Why invest in COMESA? Because COMESA, just as it is the case in the rest of Africa, currently offers and is projected to continue offering top returns on investment in all sectors. This is the bottom-line. COMESA is one of the building blocks of what is now considered to be the last investment frontier, Africa.
Many have already said it: not investing in Africa at this time is like missing out on Japan and Germany in the 1950s and Southeast Asia in the 80s. According to the World Bank, Africa could be on the brink of an economic take-off, much like China was 30 years ago and India 20 years ago.
A Growing Consumer Market
Africa is now witnessing a commodity-boom which is driven by diversifying economies, a growing middle class of over 313 million consumers and consumer spending breaking through the one trillion dollar mark, and projected to reach USD 1.4 trillion by 2020. Furthermore, the number of African cities with a population over three million is expected to more than double from 16 in 2012 to 34 in 2030. Investors in Africa are now increasingly market-seeking. While opportunities in the natural resource sectors remain huge, new opportunities in all other sectors are emerging. Opportunities from different sectors complement each other and together give rise to new ones.
According to Ernst and Young’s Africa Attractiveness Survey 2014, three predominantly consumer-facing sectors — financial services, TMT and RCP — have been the primary beneficiaries of FDI projects. The financial services sector was the largest recipient of FDI projects in Africa between 2007 and 2013. Foreign banks and other financial services companies are either launching or expanding operations in Africa to tap the growing but under-serviced financial services market. In 2013, for example, UK banking company Standard Chartered announced that it will invest USD 100 million in Africa, with the aim of doubling the size of its business by 2018. Growing investor interest is not just limited to foreign companies. Regional banks and other financial services firms in Africa are ramping-up their presence across the continent.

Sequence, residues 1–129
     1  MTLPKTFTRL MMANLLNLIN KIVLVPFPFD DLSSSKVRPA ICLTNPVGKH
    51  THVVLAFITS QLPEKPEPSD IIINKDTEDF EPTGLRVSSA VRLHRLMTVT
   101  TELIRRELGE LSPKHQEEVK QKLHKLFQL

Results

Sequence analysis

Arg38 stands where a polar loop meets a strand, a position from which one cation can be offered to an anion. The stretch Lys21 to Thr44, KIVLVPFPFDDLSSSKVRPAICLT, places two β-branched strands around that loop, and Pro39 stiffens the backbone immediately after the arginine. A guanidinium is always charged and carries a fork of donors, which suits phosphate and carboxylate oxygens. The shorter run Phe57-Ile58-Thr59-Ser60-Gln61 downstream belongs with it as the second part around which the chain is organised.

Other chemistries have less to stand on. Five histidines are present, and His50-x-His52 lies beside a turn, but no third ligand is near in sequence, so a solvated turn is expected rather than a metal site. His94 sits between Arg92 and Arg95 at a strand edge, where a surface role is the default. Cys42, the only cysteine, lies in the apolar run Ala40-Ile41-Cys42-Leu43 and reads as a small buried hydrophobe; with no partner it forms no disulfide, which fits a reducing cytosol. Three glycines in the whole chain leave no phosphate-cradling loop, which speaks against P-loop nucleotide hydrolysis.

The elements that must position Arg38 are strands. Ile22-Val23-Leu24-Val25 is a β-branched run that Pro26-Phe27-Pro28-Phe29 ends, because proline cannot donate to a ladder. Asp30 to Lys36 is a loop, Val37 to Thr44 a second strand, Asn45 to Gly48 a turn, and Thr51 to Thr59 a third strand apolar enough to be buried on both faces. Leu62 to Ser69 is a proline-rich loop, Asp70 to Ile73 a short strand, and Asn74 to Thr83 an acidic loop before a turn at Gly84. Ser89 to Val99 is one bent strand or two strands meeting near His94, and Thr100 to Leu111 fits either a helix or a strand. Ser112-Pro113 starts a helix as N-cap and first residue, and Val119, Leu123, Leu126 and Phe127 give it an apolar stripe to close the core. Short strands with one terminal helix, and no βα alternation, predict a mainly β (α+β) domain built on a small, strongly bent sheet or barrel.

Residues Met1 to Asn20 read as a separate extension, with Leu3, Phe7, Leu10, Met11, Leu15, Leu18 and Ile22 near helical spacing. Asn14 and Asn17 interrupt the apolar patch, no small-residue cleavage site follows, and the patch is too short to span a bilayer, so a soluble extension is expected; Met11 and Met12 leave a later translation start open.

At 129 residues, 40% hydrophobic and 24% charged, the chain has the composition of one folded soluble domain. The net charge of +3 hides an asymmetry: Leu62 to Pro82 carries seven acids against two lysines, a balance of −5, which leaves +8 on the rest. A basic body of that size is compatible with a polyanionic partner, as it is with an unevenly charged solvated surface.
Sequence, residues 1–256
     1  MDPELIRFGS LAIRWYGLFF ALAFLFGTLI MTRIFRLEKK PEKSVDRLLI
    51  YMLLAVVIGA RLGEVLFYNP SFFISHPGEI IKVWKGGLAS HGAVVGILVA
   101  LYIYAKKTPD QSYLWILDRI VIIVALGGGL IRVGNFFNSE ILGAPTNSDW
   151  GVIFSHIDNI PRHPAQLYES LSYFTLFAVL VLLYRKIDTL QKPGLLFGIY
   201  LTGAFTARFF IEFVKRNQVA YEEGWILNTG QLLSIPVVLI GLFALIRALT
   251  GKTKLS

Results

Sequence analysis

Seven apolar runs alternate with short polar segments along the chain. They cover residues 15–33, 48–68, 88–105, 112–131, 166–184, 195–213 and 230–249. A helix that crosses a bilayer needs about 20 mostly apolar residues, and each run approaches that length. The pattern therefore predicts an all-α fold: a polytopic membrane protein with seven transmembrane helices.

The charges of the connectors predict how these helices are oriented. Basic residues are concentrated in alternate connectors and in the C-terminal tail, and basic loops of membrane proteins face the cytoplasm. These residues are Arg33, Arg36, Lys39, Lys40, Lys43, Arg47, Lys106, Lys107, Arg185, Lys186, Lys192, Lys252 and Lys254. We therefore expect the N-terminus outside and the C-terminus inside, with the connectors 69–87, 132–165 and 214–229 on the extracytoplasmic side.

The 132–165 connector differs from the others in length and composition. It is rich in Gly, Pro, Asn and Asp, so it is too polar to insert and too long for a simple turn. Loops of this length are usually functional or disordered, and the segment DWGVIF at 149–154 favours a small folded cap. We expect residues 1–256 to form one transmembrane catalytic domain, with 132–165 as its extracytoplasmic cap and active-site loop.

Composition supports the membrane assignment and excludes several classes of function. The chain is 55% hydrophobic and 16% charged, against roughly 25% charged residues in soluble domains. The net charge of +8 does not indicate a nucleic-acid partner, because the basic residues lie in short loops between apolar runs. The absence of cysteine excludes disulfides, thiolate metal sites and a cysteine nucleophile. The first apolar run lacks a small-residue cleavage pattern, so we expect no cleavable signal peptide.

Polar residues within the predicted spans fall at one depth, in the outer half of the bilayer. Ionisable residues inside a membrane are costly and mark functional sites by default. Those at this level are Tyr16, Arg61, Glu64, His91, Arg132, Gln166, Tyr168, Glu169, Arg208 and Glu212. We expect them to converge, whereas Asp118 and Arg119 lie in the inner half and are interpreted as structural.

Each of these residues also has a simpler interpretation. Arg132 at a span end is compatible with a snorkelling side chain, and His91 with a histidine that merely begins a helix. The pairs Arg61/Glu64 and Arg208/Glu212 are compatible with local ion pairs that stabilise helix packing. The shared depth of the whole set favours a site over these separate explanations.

Global Access to a Large Diversified and Resilient Market
Because of COMESA agreements, today Seychelles is exporting its tuna to Egypt and they are buying it duty free says Hon. Danny Faure, Seychelles’ Vice President. COMESA’s most obvious benefit to investors is indeed its fully-functional free trade area offering duty-free access to 15 of its 19 Member States which together are located on strategic world trade routes which as the Suez Canal, the Red Sea, the Mediterranean Sea, and the Indian Ocean, and in close proximity to global markets include Europe, the Gulf, Asia and the rest of Africa. COMESA provides a larger market space for businesses to operate and where procedures and policies are being further simplified and harmonized.